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The On Ramp

The Blue Mountain Internet Customer Newsletter

 Issue # 45 July 2007 
  • Greetings from the Edi...
  • All American Food
  • Crossword
  • Stock Investing Anyone?
  • Freedom Writers Movie ...
  • Wordfind
  • Airfare
  • FAQ
  • National Bird
  • Good News!
  • Route 66
  • The All American Game
  • PictureFind
  • Kudos

  • Jul 2007 Newsletter Main
  • Printable Version
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  • Route 66
    by mike Rochelle
    July 2007

    "Life doesn't happen along the interstates. It's against the law."  - William Least Heat Moon, Blue Highways

    Legends of America

    "The Mother Road as people named it, inspires in many of us our nostalgic side.

    While some may see Route 66 as a link to our parents and  grandparents, others perhaps feel the sense of freedom that the road  provided to those early travelers. And then, for those of us that live  continuously in the nostalgic past, the Mother Road is, but yet, the  next adventure beyond the Santa Fe Trail.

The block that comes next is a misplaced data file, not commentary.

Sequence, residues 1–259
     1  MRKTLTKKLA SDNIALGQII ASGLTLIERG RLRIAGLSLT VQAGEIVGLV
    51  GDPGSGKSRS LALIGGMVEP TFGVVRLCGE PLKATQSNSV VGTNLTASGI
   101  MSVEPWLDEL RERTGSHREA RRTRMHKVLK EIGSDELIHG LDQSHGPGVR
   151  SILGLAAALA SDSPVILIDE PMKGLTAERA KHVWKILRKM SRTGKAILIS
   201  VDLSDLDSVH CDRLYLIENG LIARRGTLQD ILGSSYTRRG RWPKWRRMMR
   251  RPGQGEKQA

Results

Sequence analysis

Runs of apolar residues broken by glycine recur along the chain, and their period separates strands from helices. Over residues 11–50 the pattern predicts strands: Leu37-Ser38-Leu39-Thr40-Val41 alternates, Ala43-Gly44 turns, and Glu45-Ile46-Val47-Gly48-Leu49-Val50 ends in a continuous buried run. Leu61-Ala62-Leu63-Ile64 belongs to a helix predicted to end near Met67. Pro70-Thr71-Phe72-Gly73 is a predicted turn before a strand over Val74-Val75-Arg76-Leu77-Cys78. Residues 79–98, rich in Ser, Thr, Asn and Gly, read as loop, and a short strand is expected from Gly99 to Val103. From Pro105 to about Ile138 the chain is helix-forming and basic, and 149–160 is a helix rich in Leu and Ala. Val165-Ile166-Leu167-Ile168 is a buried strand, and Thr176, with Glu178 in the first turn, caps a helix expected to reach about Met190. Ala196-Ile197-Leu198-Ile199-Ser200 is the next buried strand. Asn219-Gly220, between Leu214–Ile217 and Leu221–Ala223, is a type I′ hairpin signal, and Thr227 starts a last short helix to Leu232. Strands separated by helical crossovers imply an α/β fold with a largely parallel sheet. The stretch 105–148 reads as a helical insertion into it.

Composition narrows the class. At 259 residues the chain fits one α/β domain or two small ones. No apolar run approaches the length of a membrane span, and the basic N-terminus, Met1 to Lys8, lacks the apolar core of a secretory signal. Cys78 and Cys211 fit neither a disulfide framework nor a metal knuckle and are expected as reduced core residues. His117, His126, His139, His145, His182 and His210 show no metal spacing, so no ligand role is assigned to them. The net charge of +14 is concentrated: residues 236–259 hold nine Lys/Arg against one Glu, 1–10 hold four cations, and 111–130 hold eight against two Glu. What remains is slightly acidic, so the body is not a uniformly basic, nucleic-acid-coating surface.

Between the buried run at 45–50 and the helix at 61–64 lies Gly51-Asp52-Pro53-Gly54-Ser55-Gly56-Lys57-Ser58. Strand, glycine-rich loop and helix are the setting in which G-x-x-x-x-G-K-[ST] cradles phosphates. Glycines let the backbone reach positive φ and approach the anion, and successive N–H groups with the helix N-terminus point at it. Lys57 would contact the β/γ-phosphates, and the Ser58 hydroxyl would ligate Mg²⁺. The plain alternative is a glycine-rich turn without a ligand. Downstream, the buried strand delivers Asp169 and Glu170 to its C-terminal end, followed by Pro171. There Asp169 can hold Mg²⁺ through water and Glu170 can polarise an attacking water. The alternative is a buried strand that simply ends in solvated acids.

Whatever the reason, the  Mother Road is an experience, a feeling, a perception, a taste of sight  and sound, and a mystery that can only be resolved by driving the  pavement itself.  The super-highway, as it was thought of in 1926, represented  unprecedented freedom to travel across the American West. While other  East/West highways existed at the time, most followed a linear course,  leaving out the rural communities, dependent upon transportation for  farm products and other goods. 

    Almost immediately, the tourist industry began to grow, giving rise to  countless tourist courts, motels, service stations, garages and diners.  However, the excessive truck travel during World War II and the ever  expanding automobile industry had left the Highway in appalling  conditions, with narrow pavements and poor road conditions. 

    In the mid 1950s public lobby was demanding a federal sponsorship for a  system of divided highways and in 1956, the Federal Aid Highway Act was  passed for a national interstate highway program. With the passing of  the Interstate Highway Act, Route 66 would soon be doomed. 

    Obviously, the route today is not what it was in the past. The sights  and sounds of the Mother Road change daily with the emergence of new  businesses and development along the old highway. You will want to take  a lot of pictures, because what is here today might be very well gone  tomorrow.'

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